2:45 p.m.

Okanagan—Coquihalla B.C.

Conservative

Stockwell Day ConservativePresident of the Treasury Board and Minister for the Asia-Pacific Gateway

Mr. Speaker, the appointment of that individual was something that was approved of and taken part in by all parties, including the leaders. We have had some reasonable comment from members opposite that they are in charge of that particular file, as they rightly should be.

Also, I would note that the Auditor General thoroughly reviewed all of the cases that should have been reviewed. We have an interim commissioner in place who is doing a very aggressive review of those files right now.

Former Public Sertor Integrity CommissionerOral Questions

2:45 p.m.

Liberal

Jean-Claude D'Amours Liberal Madawaska—Restigouche, NB

Mr. Speaker, then why did the House not approve her departure? It was our prerogative. The former integrity commissioner, Christiane Ouimet, left her job after completing only the first three years of her seven-year contract. There was no order from the House of Commons or the Senate to authorize her dismissal. This situation leaves us with many unanswered questions.

Did Ms. Ouimet leave her position voluntarily? Was she forced to leave? What were the conditions surrounding her departure? Parliamentarians and especially Canadians have the right to know!

Former Public Sertor Integrity CommissionerOral Questions

2:45 p.m.

Okanagan—Coquihalla B.C.

Conservative

Stockwell Day ConservativePresident of the Treasury Board and Minister for the Asia-Pacific Gateway

Mr. Speaker, Ms. Ouimet herself decided to leave. According to the information I have, she will now attend a committee meeting to answer questions. That will be the appropriate time for asking questions.

VeteransOral Questions

2:45 p.m.

Conservative

Steven Blaney Conservative Lévis—Bellechasse, QC

Mr. Speaker, unlike the Bloc and the coalition, our Conservative government is using the economic action plan to help the regions of Quebec. We are cutting taxes, supporting workers, helping seniors and supporting our small and medium-sized businesses in order to create jobs in every region of Quebec. Our Conservative government is listening to the regions and delivering the goods while the opposition is listening to the leftist urban elite from the Plateau.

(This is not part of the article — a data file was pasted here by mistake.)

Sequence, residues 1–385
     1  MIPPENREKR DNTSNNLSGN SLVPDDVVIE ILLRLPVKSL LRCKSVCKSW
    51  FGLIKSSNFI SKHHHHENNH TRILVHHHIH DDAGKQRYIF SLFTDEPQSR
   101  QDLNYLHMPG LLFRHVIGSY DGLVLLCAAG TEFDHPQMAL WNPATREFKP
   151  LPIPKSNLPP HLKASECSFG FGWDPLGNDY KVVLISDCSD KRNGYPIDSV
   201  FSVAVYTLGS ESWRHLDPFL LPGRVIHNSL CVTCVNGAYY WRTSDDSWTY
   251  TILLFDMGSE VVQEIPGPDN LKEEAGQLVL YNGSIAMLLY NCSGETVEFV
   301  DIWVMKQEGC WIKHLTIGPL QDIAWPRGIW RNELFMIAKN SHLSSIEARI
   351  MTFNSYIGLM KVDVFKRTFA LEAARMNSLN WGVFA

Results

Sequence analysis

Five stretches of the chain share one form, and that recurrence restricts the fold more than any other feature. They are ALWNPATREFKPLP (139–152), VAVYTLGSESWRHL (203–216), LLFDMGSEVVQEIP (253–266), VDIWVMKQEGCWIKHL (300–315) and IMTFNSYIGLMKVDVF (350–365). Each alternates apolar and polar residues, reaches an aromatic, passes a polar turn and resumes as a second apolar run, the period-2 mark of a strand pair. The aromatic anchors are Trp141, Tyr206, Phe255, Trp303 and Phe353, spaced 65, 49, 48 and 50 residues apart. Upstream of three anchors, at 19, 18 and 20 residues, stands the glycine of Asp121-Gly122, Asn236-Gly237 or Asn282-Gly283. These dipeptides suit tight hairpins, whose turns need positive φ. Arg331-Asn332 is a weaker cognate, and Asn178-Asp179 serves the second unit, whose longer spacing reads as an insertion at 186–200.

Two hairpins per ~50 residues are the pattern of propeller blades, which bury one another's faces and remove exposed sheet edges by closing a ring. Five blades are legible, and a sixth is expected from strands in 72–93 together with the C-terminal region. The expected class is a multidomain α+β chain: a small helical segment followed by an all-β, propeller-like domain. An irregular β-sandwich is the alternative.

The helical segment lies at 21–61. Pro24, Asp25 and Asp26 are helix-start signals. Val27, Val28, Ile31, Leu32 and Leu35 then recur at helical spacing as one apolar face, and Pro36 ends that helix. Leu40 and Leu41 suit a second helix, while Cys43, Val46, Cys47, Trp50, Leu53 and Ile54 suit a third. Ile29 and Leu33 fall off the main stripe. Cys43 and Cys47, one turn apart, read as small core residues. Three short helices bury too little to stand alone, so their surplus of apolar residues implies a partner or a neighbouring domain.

Can the Minister of Veterans Affairs tell this House what our government is doing to help our brave soldiers and veterans in every region of Quebec?

VeteransOral Questions

2:45 p.m.

Jonquière—Alma Québec

Conservative

Jean-Pierre Blackburn ConservativeMinister of Veterans Affairs and Minister of State (Agriculture)

Mr. Speaker, I would like to thank the hon. member from Lévis—Bellechasse for his excellent work and his concern for veterans.

Our government is listening to the regions of Quebec and to veterans. We introduced Bill C-55 in the House, and it will serve as the enhanced new veterans charter and will help our modern-day veterans, who may come back wounded from Afghanistan.

Unfortunately, the Bloc is still not co-operating as we would like, but we still hope to pass this bill before the upcoming budget.

PensionsOral Questions

2:45 p.m.

NDP

Wayne Marston NDP Hamilton East—Stoney Creek, ON

Mr. Speaker, time and again the Conservatives have put the interests of banks ahead of those of ordinary Canadians.

For 11 million Canadians, the CPP is the only pension plan they have. The government clearly knows that the CPP benefits will be seriously inadequate for retirees in the future, but it refuses to do anything about it. New Democrats are proposing a phased-in doubling of the CPP. Our pragmatic proposal is even endorsed by a former actuary of the Canada pension plan.

Will the Conservatives include this practical plan in their upcoming budget?

PensionsOral Questions

2:50 p.m.

Macleod Alberta

Conservative

Ted Menzies ConservativeMinister of State (Finance)

Mr. Speaker, I thank my hon. colleague for that question, but it raises a larger question. Why do the New Democrats not talk to the partners who actually deal with the Canada pension plan, the provinces?

We have. We have spoken to the provinces. They do not support an increase in the Canada pension plan deductions for employers at this time. That is a critical difference.

We are putting forward an option that all of the provinces have endorsed. It is a pooled registered pension plan and it is for millions of Canadians who now have no option of a pension.

PensionsOral Questions

2:50 p.m.

NDP

Wayne Marston NDP Hamilton East—Stoney Creek, ON

Mr. Speaker, it is well-known that over 300,000 Canadian seniors are living in poverty.

The guaranteed income supplement was supposed to prevent this and ensure a dignified retirement for all Canadians. It is simply no longer doing the job. New Democrats are proposing that the GIS be increased by $700 million. That would lift all seniors out of poverty.

Will the Conservative government include this practical, doable idea in its upcoming budget, yes or no?

PensionsOral Questions

2:50 p.m.

Souris—Moose Mountain Saskatchewan

Conservative

Ed Komarnicki ConservativeParliamentary Secretary to the Minister of Human Resources and Skills Development and to the Minister of Labour